The eighth edition of The Private Equity Review follows an extremely active 2018. While the number of global private equity deals completed declined from 2017, the total value of such deals was the highest since 2007, and the third-highest of all time. Deal activity was weighted towards the upper end of the market, and included several large take-private transactions. Fundraising activity was also strong, as institutional investors remained extremely interested in private equity as an asset class because of its strong performance relative to public markets. As a result, private equity funds have significant amounts of available capital, leading to very competitive transactions being completed at increasing purchase price multiples. This has caused private equity firms to become even more creative as they seek opportunities in less competitive markets or in industries where they have unique expertise. Given all of this, we expect private equity will continue to play an important role in global financial markets, not only in North America and western Europe, but also in developing and emerging markets in Asia, South America, the Middle East and Africa. In addition, we expect the trend of incumbent private equity firms and new players expanding into new and less established geographical markets to continue.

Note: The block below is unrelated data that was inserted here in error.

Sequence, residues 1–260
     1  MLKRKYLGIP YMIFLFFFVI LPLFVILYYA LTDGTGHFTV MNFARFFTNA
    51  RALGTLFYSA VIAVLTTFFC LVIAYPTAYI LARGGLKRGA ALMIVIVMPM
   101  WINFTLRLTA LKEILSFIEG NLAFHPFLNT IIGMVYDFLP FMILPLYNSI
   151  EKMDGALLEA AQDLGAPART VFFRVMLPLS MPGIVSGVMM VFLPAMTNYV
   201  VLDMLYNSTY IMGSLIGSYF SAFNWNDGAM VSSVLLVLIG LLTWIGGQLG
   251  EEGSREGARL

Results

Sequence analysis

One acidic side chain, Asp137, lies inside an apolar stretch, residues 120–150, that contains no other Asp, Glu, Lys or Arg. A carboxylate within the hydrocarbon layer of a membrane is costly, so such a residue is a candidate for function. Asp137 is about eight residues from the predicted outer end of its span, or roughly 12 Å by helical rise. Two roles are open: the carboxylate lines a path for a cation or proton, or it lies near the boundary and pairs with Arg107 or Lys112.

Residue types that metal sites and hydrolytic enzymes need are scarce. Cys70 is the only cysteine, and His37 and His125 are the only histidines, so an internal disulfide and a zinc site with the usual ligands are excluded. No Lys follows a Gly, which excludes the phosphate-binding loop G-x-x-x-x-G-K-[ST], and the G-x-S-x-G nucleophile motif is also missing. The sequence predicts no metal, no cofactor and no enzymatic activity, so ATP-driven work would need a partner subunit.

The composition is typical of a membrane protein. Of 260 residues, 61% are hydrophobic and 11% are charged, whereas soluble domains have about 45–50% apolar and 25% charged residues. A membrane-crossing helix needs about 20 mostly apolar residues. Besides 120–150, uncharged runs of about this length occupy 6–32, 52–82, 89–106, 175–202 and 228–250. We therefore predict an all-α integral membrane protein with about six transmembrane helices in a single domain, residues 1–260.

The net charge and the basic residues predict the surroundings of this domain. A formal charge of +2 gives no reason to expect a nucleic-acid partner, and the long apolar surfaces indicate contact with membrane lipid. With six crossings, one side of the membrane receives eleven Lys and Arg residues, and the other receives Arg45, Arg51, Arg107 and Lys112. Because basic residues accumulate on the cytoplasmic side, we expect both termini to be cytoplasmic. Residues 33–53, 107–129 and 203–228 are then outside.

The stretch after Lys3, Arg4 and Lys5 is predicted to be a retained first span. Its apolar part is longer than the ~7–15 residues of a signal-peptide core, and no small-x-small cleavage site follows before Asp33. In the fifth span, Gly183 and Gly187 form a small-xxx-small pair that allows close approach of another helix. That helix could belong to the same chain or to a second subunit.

While there are potential headwinds – including trade tensions, a slowing Chinese economy, Brexit and an eventual end to one of the longest-running recoveries in US history – on the horizon for 2019 and beyond, we are confident that private equity will continue to play an important role in the global economy, and is likely to further expand its reach and influence.

Private equity professionals need practical and informed guidance from local practitioners about how to raise money and close deals in multiple jurisdictions. This review has been prepared with this need in mind. It contains contributions from leading private equity practitioners in 25 different countries, with observations and advice on private equity deal-making and fundraising in their respective jurisdictions.

As private equity has grown, it has also faced increasing regulatory scrutiny throughout the world. Adding to this complexity, regulation of private equity is not uniform from country to country. As a result, the following chapters also include a brief discussion of these various regulatory regimes.

I want to thank everyone who contributed their time and labour to making this eighth edition of The Private Equity Review possible. Each of these contributors is a leader in their respective markets, so I appreciate that they have used their valuable and scarce time to share their expertise.

Stephen L Ritchie
Kirkland & Ellis LLP
Chicago, Illinois
April 2019